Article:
wealth, and that it he made ready to be printed with the papers out of Ireland, which the House hath ordered to be printed.

"1649. May 18. Ordered, that the French letters, given in to the House by the Dutch ambassador, be translated by Mr. Milton; and the rest of the letters, now in the House, be sent for and translated.

"1649. May 30. Ordered, that Mr. Milton take the papers found with Mr. John Lee, and examine them, to see what may be found in them.


a The Articles of Peace between the Earl of Ormond and the Irish; a Letter sent by Ormond to Colonel Jones, Governor of Dublin; and a Representation of the Scotch Presbytery at Belfast: These, with his Observations, Milton now published; and not before he was Latin Secretary. See what is before said, p. 105. In a tone of unqualified severity Milton says, "Having seen those articles of peace granted to the papist rebels of Ireland, as special graces and favours from the late king, in reward, most likely, of their work done; and in his name and authority confirmed by James Earl of Ormond; together with his letter to Colonel Jones, full of contumely and dishonour both to the parliament and army; and on the other side an insolent and seditious representation from the Scots' Presbytery at Belfast, no less dishonourable to the state; there will be needful, as to the same slanderous aspersions, but one and the same vindication against them both. Nor can we sever them in our notice and resentment, though one part is entitled a Presbytery, and would be thought a Protestant assembly; since their own unexampled virulence hath wrapt them into the same guilt, and made them accomplices and assistants to the abhorred Irish rebels," &c.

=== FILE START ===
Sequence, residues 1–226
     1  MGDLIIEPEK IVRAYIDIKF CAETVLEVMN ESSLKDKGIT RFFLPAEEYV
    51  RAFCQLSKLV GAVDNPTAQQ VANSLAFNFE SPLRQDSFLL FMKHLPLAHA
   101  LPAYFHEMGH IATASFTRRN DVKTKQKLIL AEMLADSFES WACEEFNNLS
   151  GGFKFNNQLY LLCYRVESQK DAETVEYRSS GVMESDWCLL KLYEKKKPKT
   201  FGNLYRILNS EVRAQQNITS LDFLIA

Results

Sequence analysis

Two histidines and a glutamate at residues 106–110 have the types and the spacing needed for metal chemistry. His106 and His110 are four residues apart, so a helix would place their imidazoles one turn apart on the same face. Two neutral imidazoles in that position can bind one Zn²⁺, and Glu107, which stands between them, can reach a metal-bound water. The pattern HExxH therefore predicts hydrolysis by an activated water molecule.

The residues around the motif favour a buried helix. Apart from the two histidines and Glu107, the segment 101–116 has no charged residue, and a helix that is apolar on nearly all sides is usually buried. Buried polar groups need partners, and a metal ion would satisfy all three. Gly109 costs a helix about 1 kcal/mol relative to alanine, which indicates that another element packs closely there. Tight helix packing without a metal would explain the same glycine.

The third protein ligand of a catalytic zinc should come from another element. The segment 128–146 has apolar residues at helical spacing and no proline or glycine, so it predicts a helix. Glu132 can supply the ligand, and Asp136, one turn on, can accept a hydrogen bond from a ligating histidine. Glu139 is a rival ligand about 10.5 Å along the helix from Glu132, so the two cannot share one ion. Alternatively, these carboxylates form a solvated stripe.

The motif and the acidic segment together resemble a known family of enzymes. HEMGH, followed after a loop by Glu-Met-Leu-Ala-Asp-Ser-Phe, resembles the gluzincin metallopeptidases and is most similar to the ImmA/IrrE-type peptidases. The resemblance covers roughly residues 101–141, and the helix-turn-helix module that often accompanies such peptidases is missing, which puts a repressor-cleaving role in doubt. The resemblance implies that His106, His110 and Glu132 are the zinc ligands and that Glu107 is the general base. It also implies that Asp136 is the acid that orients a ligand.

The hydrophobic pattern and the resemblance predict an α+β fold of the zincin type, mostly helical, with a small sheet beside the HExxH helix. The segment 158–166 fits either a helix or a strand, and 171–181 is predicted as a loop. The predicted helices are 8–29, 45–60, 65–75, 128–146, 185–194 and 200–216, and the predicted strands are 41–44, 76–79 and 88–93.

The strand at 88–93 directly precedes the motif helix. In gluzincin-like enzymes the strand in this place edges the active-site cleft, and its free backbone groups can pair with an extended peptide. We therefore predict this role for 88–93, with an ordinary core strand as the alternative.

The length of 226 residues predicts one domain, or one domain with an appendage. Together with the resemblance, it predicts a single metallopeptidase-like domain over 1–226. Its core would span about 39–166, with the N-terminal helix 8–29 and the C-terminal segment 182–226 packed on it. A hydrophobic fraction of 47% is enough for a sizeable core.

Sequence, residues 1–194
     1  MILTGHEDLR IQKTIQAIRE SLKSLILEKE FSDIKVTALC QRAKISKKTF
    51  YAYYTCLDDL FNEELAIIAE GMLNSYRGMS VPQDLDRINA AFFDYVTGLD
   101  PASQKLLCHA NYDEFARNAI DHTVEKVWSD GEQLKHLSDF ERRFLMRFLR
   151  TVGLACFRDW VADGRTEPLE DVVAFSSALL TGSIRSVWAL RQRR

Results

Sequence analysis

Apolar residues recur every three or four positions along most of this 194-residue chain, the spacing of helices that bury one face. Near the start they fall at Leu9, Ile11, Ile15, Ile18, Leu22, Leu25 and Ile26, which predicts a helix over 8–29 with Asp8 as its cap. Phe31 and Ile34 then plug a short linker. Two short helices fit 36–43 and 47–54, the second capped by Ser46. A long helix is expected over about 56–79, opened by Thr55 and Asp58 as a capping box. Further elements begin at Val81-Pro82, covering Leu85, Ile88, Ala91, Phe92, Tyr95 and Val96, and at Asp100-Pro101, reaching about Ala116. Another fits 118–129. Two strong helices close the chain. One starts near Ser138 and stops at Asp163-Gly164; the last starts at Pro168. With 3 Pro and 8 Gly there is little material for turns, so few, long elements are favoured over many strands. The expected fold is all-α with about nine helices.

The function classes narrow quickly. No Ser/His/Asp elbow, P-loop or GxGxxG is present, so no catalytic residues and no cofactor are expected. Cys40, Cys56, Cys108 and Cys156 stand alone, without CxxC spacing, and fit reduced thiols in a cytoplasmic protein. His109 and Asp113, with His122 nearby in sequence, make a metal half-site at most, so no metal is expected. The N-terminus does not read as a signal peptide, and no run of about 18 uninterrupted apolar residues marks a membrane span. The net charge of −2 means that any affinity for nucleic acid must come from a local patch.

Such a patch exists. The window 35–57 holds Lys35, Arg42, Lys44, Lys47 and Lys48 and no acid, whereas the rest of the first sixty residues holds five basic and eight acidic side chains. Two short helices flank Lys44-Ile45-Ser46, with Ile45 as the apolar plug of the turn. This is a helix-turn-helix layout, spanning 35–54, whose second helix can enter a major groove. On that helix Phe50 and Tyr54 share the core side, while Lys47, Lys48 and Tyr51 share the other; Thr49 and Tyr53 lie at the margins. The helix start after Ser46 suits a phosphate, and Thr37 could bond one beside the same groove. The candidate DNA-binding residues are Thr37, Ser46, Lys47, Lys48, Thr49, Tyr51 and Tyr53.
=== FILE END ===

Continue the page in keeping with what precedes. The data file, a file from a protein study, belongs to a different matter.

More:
"1649. June 23. Ordered, that Mr. Milton doe examine the papers of Pragmaticus, and report


what he finds in them to the Councell.

"1649. Nov. 12. Ordered, that Sir John Hippesley be spoken to, that Mr. Milton may be accommodated with those lodgings that he hath at Whitehall.

"1649, Nov. 19. Ordered, that Mr. Milton shall have the lodgings that were in the hands of Sir John Hippesley, in Whitehall, for his accommodation, as being Secretary to the Councell for Forreigne Languages.

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"1649. Nov. 29. Ordered, that a letter be written to the Commissioners of the Customes to desire them to give order, that a very strict search may be made of such ships as come from the Netherlands for certaine scandalous bookes, which are there printed, against the government of this Commonwealth, entituled Defensio Regia, and which are designed to be sent over hither; and to desire them, that if any of them upon search shall be found, that they may be sent up to the Councill of State, with

The Mercurius Pragmaticus, a newspaper which made its first appearance in Sept. 1647. But the especial direction here points perhaps at the "Mercurius Pragmaticus for King Charles II. April 24, 1649." This newspaper was probably suppressed for a time. But we find "Mercurius Pragmaticus revived, No. 1. June 30, 1651." See Nichols's Lit. Anecd. vol. iv. p. 48.